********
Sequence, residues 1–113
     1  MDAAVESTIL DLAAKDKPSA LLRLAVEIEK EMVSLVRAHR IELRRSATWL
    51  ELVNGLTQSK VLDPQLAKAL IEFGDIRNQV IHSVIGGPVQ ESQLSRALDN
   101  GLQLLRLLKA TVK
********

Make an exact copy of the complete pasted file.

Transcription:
Sequence, residues 1–113
     1  MDAAVESTIL DLAAKDKPSA LLRLAVEIEK EMVSLVRAHR IELRRSATWL
    51  ELVNGLTQSK VLDPQLAKAL IEFGDIRNQV IHSVIGGPVQ ESQLSRALDN
   101  GLQLLRLLKA TVK